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  #871  
Old 16th March 2017, 06:39 PM
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Female runner successfully defends herself from attempted rapist after only 3 weeks of self defence training

This is what proper martial arts training should look like. Each class should teach you something new and you should feel that you are making progress, if not then you're just wasting your time and money (which is what was happening at my previous Tai Chi class). Your training should be preparing you to defend yourself today, not tomorrow.
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  #872  
Old 19th March 2017, 04:35 PM
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Okay, I'm definitely glad that I switched style/classes as this morning my Bagua teacher told me that from next week he wants to start running a "Push Hands club" for Tai Chi & Bagua students, which he describes as being more "rough and tumble" than our standard training. We also did pairwork today, something that never happened in the Tai Chi class, no matter how many times I asked/suggested it.

And the funny thing is that the Tai Chi class is explicitly marketed as teaching self defence whereas the Bagua class isn't, but the Bagua teacher understands that by learning how to use Bagua in real life it just helps the students to understand the movements a whole lot better. Because a lot of other martial arts classes that don't adequately teach apps are more prone to producing students who just don't understand the art properly. At most they can perform it at demonstrations (like memorising moves to a dance) or perhaps use it in restrictive competition fights, but not at the level where they can use it in real life.

Last week I caught up with a friend who I haven't seen in years. He's been doing MMA and he told me that his school solely focus on techniques for real life applications, nothing else, not even competitions. It's the first time that I've heard to an MMA school with such a primary focus on being so practical! This has made me further appreciate that it's the method of teaching that matters so much more than what style you do. I think that if you can find a good teacher of a style that works for you, then stick with that teacher.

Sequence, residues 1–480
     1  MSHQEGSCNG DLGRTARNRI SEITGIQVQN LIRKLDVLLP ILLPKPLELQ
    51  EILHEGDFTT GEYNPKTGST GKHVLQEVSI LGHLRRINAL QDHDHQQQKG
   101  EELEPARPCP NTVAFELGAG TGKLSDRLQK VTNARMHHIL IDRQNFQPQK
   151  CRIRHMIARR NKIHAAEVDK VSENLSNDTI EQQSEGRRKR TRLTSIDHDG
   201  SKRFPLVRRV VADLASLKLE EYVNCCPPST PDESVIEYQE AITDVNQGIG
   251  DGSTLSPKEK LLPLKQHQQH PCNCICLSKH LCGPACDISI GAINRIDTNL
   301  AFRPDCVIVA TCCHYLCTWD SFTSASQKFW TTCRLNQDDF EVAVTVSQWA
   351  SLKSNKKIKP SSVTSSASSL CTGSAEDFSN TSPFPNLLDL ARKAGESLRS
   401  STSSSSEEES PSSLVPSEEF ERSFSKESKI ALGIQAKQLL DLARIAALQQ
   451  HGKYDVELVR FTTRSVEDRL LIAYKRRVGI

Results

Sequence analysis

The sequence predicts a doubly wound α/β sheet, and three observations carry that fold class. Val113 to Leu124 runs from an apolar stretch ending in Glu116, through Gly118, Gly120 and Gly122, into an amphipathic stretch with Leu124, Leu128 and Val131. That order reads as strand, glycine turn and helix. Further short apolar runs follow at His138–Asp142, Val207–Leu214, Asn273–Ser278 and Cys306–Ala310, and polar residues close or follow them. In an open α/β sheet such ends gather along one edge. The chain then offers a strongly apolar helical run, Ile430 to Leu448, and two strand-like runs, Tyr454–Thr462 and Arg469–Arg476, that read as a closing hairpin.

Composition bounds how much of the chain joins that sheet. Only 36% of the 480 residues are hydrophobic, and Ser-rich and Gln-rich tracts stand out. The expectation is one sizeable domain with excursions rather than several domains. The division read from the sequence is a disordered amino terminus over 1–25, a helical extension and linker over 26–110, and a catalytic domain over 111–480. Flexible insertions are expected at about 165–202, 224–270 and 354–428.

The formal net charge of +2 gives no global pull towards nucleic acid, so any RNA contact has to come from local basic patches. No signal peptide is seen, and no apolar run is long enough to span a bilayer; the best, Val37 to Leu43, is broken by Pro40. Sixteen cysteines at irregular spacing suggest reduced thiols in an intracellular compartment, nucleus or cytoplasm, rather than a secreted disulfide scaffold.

The question that we really should be focusing on isn't so much what style we do, but whether or not we can fight (i.e. defend ourselves) with it. I'd rather have function over form than form over function. Not saying that form isn't important, but the form should be supporting the function of the fight, not vice versa.
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  #873  
Old 5th April 2017, 10:59 PM
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Smart alec bodybuilder gets pwned by female Juujutsu fighter.
https://www.youtube.com/watch?v=KzXQGMqY8_E
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  #874  
Old 12th May 2017, 11:29 PM
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Navy SEAL on real martial arts

A really interesting video where a Navy SEAL offers his opinion on self defence and martial arts, and I find myself generally agreeing with the core of what he's saying. But just to expand on this...
  • He's absolutely right in saying that owning and carrying a gun is more likely to be a better form of self defence than wasting your time and money in martial arts - this was the conclusion reached by Penn & Teller's BS episode debunking martial arts. Having said that, this advice is obviously not applicable in Australia since we (thankfully) don't have a highly armed civilian population and also it is ILLEGAL for us to do so. But I take his point, no amount of martial art skill can ever defeat a gun, it's a machine weapon.